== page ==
Shakirah: I made the assumption that because I loved watching cricket, I naturally would be skilled at playing the game. I had imagined myself to be an amazing bowler, but I discovered how wrong I was when I tried out for a girl’s cricket team at college, ran to catch the ball and it felt like a rock had shattered my knuckles. Those balls are HARD! Through Josephine, I’m glad that I can still contribute to the game in a safe, pain-free way.

Josephine goes to extreme lengths to prove her bowling skills. Sometimes, people who are supposed to be your role models aren’t very supportive, and I would encourage young girls to find creative ways to overcome challenges, continue to develop their skills and never give up on a dream.  

Kathie: Although Barbados is home to you, many young readers may not be familiar with it. What would you like young readers to know about it?

Shakirah: This is such a great question. Firstly, I’d love people to understand that the Caribbean is made up of several different countries, and all of us are not from Jamaica or the Bahamas. 🙂 Barbados is tiny–it’s only 179 square miles, which is just over half the size of New York! Without traffic, you can drive from the top to the bottom of the island in less than an hour. Though Barbados is small, we’ve made a big impact on the world. Fun fact: Barbados is the birthplace of the grapefruit. It was actually an accident–a cross pollination between the orange and the shaddock, but I’m sure the world is grateful for this delicious fruit.

We’re more than white sand and beaches, or a stop on a cruise ship; it’s an island that is rich in culture and history. For instance, Barbados was the only country George Washington visited outside North America!

Kathie: How has the pandemic affected your writing routine, and are you currently working on another book?

Shakirah: The pandemic has definitely made it more difficult to write, because my brain is constantly in alarm mode. I have to keep up with continuously shifting COVID protocols, and still be productive and meet deadlines.  I’m currently working on a middle grade horror called Duppy Island, about a young filmmaker who follows her family to a silent retreat, and discovers that the island is haunted by douens (children who died before they were baptised). Duppy Island is surrounded by a thick fog, and always looks gray and overcast, and ironically, Barbados recently experienced some ash fall from La Soufriere volcano eruption in St Vincent, which made the atmosphere similar to that on Duppy Island! It’s definitely more challenging to focus on writing when mother nature seems to be at war with the world.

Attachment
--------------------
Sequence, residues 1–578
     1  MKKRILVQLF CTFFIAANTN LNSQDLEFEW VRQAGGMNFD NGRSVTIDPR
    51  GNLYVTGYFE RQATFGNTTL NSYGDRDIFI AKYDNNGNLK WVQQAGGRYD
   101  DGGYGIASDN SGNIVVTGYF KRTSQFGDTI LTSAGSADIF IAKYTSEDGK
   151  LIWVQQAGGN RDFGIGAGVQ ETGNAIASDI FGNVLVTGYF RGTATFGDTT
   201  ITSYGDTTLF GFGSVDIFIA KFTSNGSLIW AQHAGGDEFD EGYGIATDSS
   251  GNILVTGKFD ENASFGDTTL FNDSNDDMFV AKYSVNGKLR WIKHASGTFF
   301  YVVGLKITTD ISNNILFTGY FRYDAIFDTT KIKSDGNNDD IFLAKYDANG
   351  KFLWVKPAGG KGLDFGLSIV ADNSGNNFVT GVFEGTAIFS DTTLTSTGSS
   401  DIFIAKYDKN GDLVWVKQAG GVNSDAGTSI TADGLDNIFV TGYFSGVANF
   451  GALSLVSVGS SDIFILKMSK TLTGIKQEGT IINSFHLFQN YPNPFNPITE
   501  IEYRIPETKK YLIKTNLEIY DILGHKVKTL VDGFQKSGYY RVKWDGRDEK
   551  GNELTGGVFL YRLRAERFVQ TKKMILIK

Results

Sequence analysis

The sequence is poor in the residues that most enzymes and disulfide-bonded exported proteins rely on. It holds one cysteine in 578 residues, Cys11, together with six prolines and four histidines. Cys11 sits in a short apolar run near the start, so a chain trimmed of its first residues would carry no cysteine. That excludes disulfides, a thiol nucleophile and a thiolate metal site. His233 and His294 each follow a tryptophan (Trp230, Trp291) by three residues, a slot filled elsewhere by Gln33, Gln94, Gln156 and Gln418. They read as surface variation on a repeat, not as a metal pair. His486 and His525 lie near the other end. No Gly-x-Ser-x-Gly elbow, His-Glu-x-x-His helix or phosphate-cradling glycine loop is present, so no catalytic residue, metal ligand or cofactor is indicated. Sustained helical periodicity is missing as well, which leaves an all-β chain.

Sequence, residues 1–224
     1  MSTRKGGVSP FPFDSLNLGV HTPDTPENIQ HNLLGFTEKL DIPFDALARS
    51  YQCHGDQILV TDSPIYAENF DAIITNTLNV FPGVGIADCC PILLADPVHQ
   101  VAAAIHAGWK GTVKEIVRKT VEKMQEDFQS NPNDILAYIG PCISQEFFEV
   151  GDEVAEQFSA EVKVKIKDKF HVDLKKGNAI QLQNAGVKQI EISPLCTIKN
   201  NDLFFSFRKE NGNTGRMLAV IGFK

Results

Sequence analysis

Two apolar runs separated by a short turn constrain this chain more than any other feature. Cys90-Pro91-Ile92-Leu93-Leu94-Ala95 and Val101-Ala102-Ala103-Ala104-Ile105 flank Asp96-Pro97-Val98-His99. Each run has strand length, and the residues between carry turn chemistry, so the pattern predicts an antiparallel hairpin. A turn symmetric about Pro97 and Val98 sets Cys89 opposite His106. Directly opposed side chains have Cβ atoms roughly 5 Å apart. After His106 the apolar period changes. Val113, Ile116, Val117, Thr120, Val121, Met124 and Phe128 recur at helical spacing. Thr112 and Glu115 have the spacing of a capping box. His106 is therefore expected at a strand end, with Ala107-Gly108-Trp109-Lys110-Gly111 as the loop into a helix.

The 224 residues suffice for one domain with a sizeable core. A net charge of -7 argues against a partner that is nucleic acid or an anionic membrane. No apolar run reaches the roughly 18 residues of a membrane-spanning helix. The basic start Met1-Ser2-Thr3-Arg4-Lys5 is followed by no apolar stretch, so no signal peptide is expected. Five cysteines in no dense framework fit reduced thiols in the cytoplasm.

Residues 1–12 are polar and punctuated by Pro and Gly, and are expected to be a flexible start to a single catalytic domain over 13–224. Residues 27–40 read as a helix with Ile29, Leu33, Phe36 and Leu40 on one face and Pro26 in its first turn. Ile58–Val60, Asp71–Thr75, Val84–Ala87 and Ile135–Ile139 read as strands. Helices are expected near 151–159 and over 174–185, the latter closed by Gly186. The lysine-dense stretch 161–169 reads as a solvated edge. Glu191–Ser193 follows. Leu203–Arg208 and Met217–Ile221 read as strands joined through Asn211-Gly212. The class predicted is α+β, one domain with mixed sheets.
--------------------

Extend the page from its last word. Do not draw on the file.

Kathie: Where can our readers go to find out more about you and your writing?

Shakirah: You can follow me on Twitter or Instagram @shakirahwrites, where I cheer on fellow authors, post about publishing and writing, art and random things that make me laugh. You can also visit my website at

Kathie: I wish you every success with your book’s release, Shakirah, thanks for chatting with me today.

Shakirah: Thank you so much Kathie. I really appreciate the support that you’ve given to authors on your wonderful platform.

Shakirah Bourne is Bajan author and filmmaker. She once shot a movie scene in a cave with bats during an earthquake, but is too scared to watch horror movies. She enjoys exploring old graveyards, daydreaming and eating mangoes. She currently resides in Barbados in the Caribbean, and spends most of her time staring out at the sea thinking about new stories to tell. Her debut middle grade contemporary fantasy, JOSEPHINE AGAINST THE SEA, will be published by Scholastic in July 2021.